Unfiled Tax Returns in Maryland

Most people are required by law to file both a federal and state tax return each and every year, subject to some exceptions. Although most people know that the deadline for filing state and federal tax returns is typically on April 15th each year, it still seems to come up too quickly for some.

Perhaps you have procrastinated and have been unable to gather all of the necessary documents to submit to your tax preparer in time. Maybe you know that you are going to owe taxes and you do not have the money to pay them.

You also might be aware that since you owe federal student loans or child support, the IRS is going to keep any tax refund to which you are entitled in order to pay those debts. Regardless of the reasons why you have not filed your tax return on time, unfiled tax returns in Maryland can become a real problem. For help with your tax issues, get in touch with a seasoned tax lawyer today.

IRS Actions Against Non-Filers

When the IRS does not receive tax returns from individuals who are required to file them, it identifies these individuals and labels them as non-filers. In recent years, the IRS has stepped up its enforcement efforts in an attempt to make individuals file their income tax returns as required. The initial action by the IRS usually consists of a series of “reminder” letters that may increase in number and intensity as time goes on.

These IRS notices often detail the interest and penalties that are only increasing the amount of the taxes that individuals owe as the months pass after the filing deadline. Likewise, these letters remind individuals of the potential for criminal prosecution for those who continuously fail to submit tax returns. For more information about unfiled tax returns in Maryland, consult with a knowledgeable lawyer.


In situations in which the IRS has records of earned income for individuals, but they have not filed tax returns within two years, the IRS may prepare a substitute-for-return (SFR) used limited information. The SFR will contain any income reported for taxpayers by employers or other sources, but will not contain any credits or deductions, which often results in an increased tax burden for individuals.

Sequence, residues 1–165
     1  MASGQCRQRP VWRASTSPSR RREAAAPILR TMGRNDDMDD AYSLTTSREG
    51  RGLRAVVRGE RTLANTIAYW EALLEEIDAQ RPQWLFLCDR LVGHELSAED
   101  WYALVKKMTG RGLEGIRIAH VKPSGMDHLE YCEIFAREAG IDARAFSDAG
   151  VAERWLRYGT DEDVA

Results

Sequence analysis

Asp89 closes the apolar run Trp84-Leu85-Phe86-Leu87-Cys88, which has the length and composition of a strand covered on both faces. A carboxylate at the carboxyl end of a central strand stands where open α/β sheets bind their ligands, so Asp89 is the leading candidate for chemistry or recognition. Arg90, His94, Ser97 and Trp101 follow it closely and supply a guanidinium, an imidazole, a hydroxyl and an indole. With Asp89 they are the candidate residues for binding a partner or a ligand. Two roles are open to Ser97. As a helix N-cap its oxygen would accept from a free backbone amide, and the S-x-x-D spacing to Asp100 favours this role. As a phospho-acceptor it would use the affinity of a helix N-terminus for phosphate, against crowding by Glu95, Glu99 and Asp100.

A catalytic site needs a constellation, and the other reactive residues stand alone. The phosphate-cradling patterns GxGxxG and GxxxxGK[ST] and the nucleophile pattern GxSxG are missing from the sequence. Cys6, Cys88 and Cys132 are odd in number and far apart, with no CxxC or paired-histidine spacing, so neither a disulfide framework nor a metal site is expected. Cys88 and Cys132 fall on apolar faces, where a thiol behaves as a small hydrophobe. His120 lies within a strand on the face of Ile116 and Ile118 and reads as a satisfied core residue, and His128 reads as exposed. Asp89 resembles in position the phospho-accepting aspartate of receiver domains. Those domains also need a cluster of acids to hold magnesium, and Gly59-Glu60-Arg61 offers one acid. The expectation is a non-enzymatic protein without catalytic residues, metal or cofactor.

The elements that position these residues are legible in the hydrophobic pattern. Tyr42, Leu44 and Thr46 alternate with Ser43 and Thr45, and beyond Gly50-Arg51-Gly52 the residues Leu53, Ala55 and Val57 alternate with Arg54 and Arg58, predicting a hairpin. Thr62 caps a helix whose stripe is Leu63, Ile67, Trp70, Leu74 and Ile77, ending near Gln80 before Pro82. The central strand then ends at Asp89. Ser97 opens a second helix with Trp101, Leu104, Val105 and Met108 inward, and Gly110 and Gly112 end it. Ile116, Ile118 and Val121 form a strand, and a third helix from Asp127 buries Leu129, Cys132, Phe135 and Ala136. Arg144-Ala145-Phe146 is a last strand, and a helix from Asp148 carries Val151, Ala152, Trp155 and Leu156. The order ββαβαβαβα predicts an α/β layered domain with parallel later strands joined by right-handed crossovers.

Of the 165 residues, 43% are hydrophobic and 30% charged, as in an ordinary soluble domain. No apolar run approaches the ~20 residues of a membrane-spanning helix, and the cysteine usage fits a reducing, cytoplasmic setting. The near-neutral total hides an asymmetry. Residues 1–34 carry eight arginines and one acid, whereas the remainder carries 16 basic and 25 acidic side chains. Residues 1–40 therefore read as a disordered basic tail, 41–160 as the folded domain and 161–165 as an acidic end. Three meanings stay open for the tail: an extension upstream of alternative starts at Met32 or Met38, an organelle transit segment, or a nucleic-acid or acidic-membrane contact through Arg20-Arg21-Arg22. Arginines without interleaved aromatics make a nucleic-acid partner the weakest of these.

Cooperation v. Non-Cooperation with the IRS Examiner

A big factor that can influence whether the IRS chooses to prosecute non-filers is their willingness to cooperate and voluntarily disclose the information necessary to get the past-due tax returns filed. In many cases, an IRS examiner will contact individuals to determine the reasons for failing to file tax returns as required.

The examiner may provide individuals with some assistance to ensure that the tax returns get filed, such as payment arrangements for taxes that are owed or tax preparation services.

However, if individuals fail to respond to the examiner, give information, or cooperate with the tax return filing process, their cases may be referred for a criminal investigation into whether they have committed tax evasion.

While the willful failure to file an income tax return is a misdemeanor charge carrying a penalty of one year in prison for each tax year, tax evasion is a federal felony offense that can result in as much five years in prison for each tax year and fines up to $100,000. See 26 U.S.C. § 7201 and § 7203.

Work with a Maryland Tax Attorney to Resolve Your Tax Problems

If you are facing a financial crisis and have unfiled tax returns in Maryland, you need the advice that an accomplished tax attorney could offer you. By working to voluntarily file your unfiled tax returns and disclose appropriate information to the IRS, you may be able to avoid some of the more severe consequences of failing to file tax returns as required.